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Maldives going under water: new look at a doomsday story
19 Oct, 2009 07:02:18
By W A Wijewardene
Oct 19, 2009 (LBO) - A great deal of fear has been expressed by many that on one fine day in the future the Maldives will be submerged by rising sea levels without leaving even a trace of those beautiful islands that have attracted thousands of visitors to them for thousands of years.
The chain of causal factors that have been identified as contributing to this catastrophe has also been clearly laid down: the emission of green house gases in excessive amounts to the atmosphere creating an abnormal global warming process on the planet, the resultant melting of the glaciers in the North and the South Poles, the consequent rise in sea levels that take the low lying lands as its first victims.

First victim of global warming

The Maldives which, on average, is only one to one and a half meters above sea level will, therefore, naturally qualify to be the first victim. Some have even given a time frame to the much feared submersion starting from around 2025 and ending by 2040 AD.

The government of the Maldives too has expressed its concerns in public about the possible submersion and demanded prompt action by the world’s nations to prevent it.

In an unprecedented move to draw their attention to the dangers of the uncurbed global warming process, it held one of its recent Cabinet meetings under-water and passed a resolution to that effect.

The economic impact

The economy of the Maldives will suffer due to the mere talk of a submersion within the next 15 to 30 years and its wide acceptance by all. It does not have to wait for the actual submersion to take place.

In the first place, the Maldives with its low savings and poor savings habits has been depending on foreign savings for maintaining the required investments for creating wealth and generating economic growth. The high economic growth which the country has experienced during the last two decades raising its per capita income to the highest level in South Asia was exclusively brought about by the development of the tourism sector harnessing foreign capital. The talk of a possible submersion of the islands within the next two decades will scare away the long term investors. Instead, only those who plan to reap the full benefit from their investments within a short period of time will show interest in the country.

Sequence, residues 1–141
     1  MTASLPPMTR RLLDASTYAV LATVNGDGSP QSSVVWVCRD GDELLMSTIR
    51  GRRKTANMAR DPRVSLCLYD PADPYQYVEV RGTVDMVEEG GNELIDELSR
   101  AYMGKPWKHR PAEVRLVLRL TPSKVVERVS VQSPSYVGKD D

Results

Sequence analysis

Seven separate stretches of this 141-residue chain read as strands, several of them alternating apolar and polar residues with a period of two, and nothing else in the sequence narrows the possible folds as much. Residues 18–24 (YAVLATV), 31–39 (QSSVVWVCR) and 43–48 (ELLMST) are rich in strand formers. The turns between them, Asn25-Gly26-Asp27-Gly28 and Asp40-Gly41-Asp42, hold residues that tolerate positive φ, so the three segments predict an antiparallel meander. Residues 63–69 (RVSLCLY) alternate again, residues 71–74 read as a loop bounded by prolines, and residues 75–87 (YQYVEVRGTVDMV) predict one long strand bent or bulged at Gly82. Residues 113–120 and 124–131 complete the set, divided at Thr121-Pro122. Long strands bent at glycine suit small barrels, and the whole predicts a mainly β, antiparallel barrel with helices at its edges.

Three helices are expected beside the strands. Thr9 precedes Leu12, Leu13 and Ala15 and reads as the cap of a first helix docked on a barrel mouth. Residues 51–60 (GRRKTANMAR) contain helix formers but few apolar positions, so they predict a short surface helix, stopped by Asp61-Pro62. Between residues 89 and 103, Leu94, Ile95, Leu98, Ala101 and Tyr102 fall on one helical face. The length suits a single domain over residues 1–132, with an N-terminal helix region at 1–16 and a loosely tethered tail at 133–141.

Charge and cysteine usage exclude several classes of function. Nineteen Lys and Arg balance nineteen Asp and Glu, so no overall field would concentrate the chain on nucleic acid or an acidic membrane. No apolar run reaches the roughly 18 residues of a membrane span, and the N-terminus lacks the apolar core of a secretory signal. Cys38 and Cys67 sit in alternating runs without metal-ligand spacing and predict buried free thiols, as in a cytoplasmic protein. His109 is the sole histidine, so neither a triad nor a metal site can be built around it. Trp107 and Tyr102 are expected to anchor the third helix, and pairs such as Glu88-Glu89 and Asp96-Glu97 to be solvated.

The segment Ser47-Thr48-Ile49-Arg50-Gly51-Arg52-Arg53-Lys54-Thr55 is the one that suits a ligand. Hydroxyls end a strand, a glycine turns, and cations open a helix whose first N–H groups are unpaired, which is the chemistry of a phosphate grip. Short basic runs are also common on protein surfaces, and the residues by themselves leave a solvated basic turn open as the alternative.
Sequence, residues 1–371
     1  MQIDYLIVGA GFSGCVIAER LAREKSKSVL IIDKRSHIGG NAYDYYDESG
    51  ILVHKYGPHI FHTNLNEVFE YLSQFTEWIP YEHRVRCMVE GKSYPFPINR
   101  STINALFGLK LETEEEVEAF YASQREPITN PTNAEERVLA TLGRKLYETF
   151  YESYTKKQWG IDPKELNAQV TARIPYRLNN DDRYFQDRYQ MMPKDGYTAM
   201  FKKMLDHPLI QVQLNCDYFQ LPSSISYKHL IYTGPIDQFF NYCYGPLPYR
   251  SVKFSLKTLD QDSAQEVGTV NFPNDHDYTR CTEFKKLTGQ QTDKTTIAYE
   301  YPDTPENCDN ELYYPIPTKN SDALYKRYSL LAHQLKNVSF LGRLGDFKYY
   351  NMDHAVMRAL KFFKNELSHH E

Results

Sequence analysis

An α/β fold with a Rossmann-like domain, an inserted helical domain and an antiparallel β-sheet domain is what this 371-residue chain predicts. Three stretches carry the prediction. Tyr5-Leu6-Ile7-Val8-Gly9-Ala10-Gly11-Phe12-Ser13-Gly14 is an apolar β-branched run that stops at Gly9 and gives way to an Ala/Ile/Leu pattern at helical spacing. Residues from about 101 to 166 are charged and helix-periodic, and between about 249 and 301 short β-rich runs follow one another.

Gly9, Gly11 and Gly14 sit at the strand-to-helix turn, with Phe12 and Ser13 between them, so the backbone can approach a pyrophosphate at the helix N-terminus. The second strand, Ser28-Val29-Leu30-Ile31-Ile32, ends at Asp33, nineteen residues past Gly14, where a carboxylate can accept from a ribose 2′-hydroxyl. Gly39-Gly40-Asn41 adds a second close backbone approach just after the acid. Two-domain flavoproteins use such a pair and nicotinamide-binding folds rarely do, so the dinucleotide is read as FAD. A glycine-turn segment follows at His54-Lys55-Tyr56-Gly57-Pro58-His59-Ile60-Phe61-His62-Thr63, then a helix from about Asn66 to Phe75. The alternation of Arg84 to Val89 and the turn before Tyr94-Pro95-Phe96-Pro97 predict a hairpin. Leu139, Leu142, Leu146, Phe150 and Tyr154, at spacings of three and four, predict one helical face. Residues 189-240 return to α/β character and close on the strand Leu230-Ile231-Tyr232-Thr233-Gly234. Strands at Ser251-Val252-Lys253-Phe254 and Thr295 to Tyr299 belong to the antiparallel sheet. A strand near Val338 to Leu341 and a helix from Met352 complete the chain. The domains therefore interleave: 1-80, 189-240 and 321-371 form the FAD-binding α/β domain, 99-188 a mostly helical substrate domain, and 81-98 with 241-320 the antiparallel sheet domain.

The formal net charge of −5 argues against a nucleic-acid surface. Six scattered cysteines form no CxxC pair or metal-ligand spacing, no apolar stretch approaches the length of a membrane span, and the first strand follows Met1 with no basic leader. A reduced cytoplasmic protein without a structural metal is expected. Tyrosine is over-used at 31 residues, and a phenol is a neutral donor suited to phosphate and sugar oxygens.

Second, the well-to-do in the Maldives who have the capacity to re-invest their wealth in the country will also move out their capital and invest else where. This has already happened in the case of real estate. The rich, having taken their cue from the warning signals emitted continuously from around the early 1990s, have started to acquire property in neighbouring Sri Lanka and Malaysia so that they could make a seamless exodus when doomsday comes.

The problem will be compounded by the Maldivian government’s regulation that foreigners have to team up with a local partner in order to start businesses in the country. If local investors are not willing, the foreigners are handicapped and fettered.

Corals boosted by warm waters

So, it is of interest to examine whether the doomsday story is real and if so, what Maldivians could do about it.